The Phone Call, by Deb Emily

Emily Winslow as Jonathan PlayerI was in Berlin when I got “The Phone Call.”

For those of you who aren’t aspiring to publication, The Phone Call is when an agent calls to offer representation. (Or an editor calls to offer publication.) The Phone Call is a wonderful, stressful, don’t-ruin-it-by-saying-something-stupid freakout for a writer. It’s a chance for the agent to check if you’re high-maintenance, and a chance for you to find out how the agent views your book and your potential future career.

Now, technically, it wasn’t *quite* The Phone Call when I was in Berlin. It was the email to schedule The Phone Call. But it contained the words “discuss representation,” so it was as near The Phone Call as I could get when 750 miles away from my phone.

Actually, technically I didn’t *get* the email. My husband got the email. I was visiting Germany with my mom and older son, while he stayed home in England with the baby (and the computers). Since I’d started querying, I’d become obsessive about mail and email. Even though I’d sent out the full manuscript only two weeks before, and it usually takes an agent months to read a full, I asked him to check my email EVERY DAY just in case.

Good thing I did!

When he relayed the news, I dictated a carefully worded response, trying to exude enthusiasm and conceal desperation. She responded the next day, assuring me (my husband read to me) that we could wait until I returned to talk on the phone. That was a relief, because I was shy of attempting the balancing act of charm and caution that is The Phone Call with my mom and kid listening in, and besides that the phone situation where we were staying was complicated. I had ten days to wait.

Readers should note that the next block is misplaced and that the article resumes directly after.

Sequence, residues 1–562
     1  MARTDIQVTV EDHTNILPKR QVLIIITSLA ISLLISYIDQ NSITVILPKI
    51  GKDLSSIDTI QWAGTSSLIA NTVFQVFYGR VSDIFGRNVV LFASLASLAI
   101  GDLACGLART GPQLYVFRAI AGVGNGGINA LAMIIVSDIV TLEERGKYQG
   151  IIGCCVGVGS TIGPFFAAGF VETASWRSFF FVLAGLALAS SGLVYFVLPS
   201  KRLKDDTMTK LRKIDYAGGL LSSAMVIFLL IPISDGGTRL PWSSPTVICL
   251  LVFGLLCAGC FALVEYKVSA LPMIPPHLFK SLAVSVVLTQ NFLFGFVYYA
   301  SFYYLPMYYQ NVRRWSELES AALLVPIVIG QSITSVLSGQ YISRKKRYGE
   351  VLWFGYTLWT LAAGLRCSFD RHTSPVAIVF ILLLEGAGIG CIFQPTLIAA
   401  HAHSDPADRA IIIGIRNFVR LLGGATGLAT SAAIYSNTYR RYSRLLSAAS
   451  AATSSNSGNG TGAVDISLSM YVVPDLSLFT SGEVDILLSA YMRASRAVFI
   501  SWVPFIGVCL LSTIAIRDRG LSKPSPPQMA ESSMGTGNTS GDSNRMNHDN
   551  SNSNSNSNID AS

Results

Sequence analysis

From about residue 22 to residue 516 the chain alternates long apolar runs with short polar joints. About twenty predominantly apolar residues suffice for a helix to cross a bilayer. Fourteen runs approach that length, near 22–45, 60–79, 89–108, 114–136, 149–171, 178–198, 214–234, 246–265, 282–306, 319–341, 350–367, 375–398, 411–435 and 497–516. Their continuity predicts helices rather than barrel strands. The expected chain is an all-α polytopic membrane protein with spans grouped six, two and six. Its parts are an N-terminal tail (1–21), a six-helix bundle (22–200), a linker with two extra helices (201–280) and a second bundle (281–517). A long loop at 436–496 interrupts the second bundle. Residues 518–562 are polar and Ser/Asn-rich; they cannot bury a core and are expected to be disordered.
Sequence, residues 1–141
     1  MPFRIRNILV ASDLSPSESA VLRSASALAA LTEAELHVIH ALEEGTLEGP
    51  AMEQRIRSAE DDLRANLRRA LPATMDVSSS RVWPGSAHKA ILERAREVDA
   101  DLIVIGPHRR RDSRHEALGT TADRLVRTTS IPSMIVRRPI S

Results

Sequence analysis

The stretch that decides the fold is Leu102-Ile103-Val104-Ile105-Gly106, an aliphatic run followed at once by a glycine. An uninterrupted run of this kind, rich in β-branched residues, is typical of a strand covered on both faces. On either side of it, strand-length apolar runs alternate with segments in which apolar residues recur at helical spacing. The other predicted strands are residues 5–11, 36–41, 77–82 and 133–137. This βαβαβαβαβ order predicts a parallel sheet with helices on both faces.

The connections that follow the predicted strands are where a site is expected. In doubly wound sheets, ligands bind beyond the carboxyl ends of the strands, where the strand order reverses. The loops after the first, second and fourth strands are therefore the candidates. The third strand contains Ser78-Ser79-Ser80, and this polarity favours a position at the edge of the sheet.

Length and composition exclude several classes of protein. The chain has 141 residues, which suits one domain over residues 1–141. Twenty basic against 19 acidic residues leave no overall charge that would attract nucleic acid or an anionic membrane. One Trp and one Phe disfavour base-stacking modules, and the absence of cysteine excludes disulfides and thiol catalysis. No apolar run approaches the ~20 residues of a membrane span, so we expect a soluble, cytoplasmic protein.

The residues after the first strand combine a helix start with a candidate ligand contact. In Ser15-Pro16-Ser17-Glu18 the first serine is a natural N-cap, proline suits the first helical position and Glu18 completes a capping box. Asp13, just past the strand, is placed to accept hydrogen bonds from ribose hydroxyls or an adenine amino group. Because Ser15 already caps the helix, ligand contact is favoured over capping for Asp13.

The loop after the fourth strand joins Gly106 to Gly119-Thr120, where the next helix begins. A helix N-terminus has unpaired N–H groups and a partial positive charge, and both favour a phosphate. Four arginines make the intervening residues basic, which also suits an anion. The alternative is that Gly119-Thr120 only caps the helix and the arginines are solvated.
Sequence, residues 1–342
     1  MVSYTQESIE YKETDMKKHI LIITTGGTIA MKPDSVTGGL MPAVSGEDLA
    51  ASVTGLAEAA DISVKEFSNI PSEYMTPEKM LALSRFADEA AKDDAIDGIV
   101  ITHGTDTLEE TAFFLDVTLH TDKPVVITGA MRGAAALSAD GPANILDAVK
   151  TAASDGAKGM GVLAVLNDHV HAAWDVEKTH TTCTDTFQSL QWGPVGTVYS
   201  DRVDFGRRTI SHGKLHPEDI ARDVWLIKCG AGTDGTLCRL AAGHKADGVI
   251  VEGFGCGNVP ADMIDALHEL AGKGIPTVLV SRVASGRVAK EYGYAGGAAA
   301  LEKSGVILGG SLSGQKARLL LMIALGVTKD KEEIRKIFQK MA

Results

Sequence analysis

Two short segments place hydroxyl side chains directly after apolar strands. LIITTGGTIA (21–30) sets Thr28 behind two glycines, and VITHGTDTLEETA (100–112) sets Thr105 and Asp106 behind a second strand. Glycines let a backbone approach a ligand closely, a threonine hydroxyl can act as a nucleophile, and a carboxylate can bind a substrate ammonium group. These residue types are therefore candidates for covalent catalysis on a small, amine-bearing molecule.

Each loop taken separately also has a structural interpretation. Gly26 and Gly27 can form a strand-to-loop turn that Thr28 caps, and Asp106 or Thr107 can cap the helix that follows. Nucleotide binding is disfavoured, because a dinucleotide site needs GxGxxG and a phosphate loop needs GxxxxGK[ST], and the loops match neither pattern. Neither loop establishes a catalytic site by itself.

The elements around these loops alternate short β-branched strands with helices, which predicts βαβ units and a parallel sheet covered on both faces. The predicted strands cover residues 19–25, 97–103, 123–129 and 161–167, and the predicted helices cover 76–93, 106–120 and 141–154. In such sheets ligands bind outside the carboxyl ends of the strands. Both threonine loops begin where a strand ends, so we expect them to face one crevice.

Ten days!

A lot of my “bathroom time”–the only privacy I got–was spent acting out different clever, insightful responses to everything I guessed she might ask.

Luckily, there were lots of distractions: castles and Alps and trompe l’oeil, and helping my mom track down one of her childhood homes (she had to move a lot during the War).

When we got home again, I was happy to have my baby and husband back, happy to have my bed again, and PSYCHED to finally have MY Phone Call.

Cameron McClure of the Donald Maass Agency rocks. That is all.

11 Replies to “The Phone Call, by Deb Emily”

  1. “… trying to exude enthusiasm and conceal desperation.” — funny and so true. Ten days is a loooong time to have to wait between The Email and The Phone Call, Alps or no Alps! That’s a great story, Emily.

  2. I’ve heard agents say they get nervous and excited when they make the call so I’m sure your agent spent those ten days practising her answers too! Just maybe not in the bathroom!

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